Rally for Reproductive Rights Pressures University to Take Official Stance on Abortion
On May 6, members of the Washington University community gathered in Brookings Quad to protest the draft leaked by the Supreme Court suggesting that the court could be planning to overturn Roe v. Wade. Missouri is one of 13 states to have a “trigger ban,” meaning that abortions would be banned immediately after Roe v. Wade is overturned.
The rally was organized by the WashU chapter of Planned Parenthood Generation Action (WashU PPGA). In an online flier, WashU PPGA said that the motivation behind the rally was to “call on the University to take a stand in support of abortion rights and against Missouri’s trigger ban.”
About 100 students gathered at the north end of the quad, forming a semicircle around the stage. Organizers handed megaphones to speakers, who alternated between chants — ”No justice, no peace!” “F— abortion bans!” — and short speeches. Right before the speakers were invited up, a prospective tour group was led through the quad, the guide moving his group around cardboard signs that read “Abortion is Healthcare” and “Stand Up for Your Students.”
Student activist and junior Bri Chandler spoke first. She emphasized the importance of reproductive rights while also questioning the protestors about their priorities, pointing out that the crowd was largely white and female.
“Did you come to the march about police brutality?” Chandler asked. “If you only come when your rights are on the line, your rights will never be secure.”
Chandler also urged the crowd to take action and use their anger and fear for more than just protesting. “We have to get out of the WashU bubble. We have to get connected with organizers in the community,” she said.
Chandler ended her segment with a chant—“We can do more! We will do more!”— while directing the chanters to look towards Brookings Hall, where Chancellor Andrew Martin’s office is located.
Most people who showed up were students. Lab Manager in Earth and Planetary Sciences, Melanie Suess, wearing a pink Planned Parenthood baseball cap, was one of only a couple staff and faculty members present.
“Roe is just the beginning. I think there is a cascade of rights that if Roe falls, they all fall,” Suess said. “And even if we can’t do anything today, just being here it’s nice to see other people that are concerned and ready to act to preserve what we have.”
Suess noted the lack of fellow faculty, though attributed some of the poor showing to the platform she found out about the rally on, Instagram, which she admitted older generations were less likely to have.
WashU PPGA posted about the rally two days before, on May 4 and hung up physical posters around campus.
“I’d like to see more of the staff and faculty out here. But perhaps that’s just because of the way this event is communicated, they just didn’t see it,” she said. “So I don’t take that as a lack of support, I just hope that support is there and isn’t visible today.”
Former SU President Ranen Miao jumped up to emphasize the importance of the University taking a stance against the potential Roe takedown.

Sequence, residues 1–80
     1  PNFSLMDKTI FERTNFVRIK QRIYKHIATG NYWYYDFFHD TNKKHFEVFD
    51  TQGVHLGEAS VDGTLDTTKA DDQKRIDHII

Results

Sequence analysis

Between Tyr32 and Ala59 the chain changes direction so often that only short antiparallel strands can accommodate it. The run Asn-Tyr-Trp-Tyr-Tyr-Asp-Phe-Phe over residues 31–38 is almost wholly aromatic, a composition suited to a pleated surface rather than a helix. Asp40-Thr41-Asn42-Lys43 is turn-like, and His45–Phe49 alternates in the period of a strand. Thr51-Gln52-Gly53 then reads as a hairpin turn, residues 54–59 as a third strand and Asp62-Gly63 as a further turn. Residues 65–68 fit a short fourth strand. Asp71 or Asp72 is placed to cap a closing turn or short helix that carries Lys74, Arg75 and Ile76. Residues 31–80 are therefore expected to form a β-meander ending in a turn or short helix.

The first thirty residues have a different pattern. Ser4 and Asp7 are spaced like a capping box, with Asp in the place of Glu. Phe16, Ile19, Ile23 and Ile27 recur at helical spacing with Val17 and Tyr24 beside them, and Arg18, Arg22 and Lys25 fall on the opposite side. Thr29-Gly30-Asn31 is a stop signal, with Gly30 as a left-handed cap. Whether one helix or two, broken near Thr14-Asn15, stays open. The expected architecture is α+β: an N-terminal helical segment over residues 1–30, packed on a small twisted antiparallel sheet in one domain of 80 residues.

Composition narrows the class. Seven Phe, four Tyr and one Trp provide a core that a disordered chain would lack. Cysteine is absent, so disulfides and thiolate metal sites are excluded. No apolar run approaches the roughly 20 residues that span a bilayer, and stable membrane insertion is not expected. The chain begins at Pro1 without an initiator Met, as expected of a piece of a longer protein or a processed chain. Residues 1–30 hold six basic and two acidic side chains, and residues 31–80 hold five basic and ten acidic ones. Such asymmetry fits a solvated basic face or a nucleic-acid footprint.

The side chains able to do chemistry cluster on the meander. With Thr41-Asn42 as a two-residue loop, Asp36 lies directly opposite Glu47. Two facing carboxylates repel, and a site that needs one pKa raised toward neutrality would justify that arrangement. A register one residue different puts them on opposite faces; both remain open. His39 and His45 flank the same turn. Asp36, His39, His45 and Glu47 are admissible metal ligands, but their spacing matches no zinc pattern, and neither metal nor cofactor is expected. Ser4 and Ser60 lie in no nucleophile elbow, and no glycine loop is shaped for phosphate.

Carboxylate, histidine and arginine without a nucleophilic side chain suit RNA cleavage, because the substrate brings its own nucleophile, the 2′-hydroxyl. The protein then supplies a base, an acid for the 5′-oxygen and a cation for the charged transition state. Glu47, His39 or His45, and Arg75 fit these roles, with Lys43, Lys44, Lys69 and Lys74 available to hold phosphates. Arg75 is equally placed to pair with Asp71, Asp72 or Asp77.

“We need to take the moral stance to say that we will defend abortion access in Missouri, defend abortion access in the US and defend abortion access for all our students here at WashU,” he said.
The handful of other speakers included current SU President and junior Miriam Silberman, co-director of Uncle Joe’s and senior Emily Angstreich and second-year Brown School of Social Work student Janel Coleman.
Organizers also opened the stage to anyone who wanted to speak. Sophomore Brandy Farmer spoke about the importance of including trans people in the fight for reproductive rights care.
“I want to send an open letter to my fellow trans people, nonbinary people and trans men,” they said. “Having access to reproductive justice is so hard for us because we face discrimination, we face misgendering, we face so much bulls— from the medical care facilities and I just want you to know that we stand behind you.”
The PPGA WashU organizers ended the rally with a list of direct requests of the University, which they later posted in written format on social media.
The demands included asking for an official stance of protecting reproductive rights in Missouri, providing employees with funds to cross state lines if they couldn’t access abortion in-state and preventing WUPD from providing information to St. Louis Police Department regarding abortion care of WashU faculty, staff or students.
Dean of Students Rob Wild and Associate Vice Chancellor for Student Support and Wellness Dr. Kirk Dougher were also in attendance. Wild said the University did not currently have a plan to take an official stance on abortion law.
“I know the University, like everything, will continue to closely follow this, and if it’s appropriate for the University to weigh in, I know we will,” Wild said. “But I can tell you right now the University has no official stance on this particular issue. I mean, it’s a leak, so it’s hard.”
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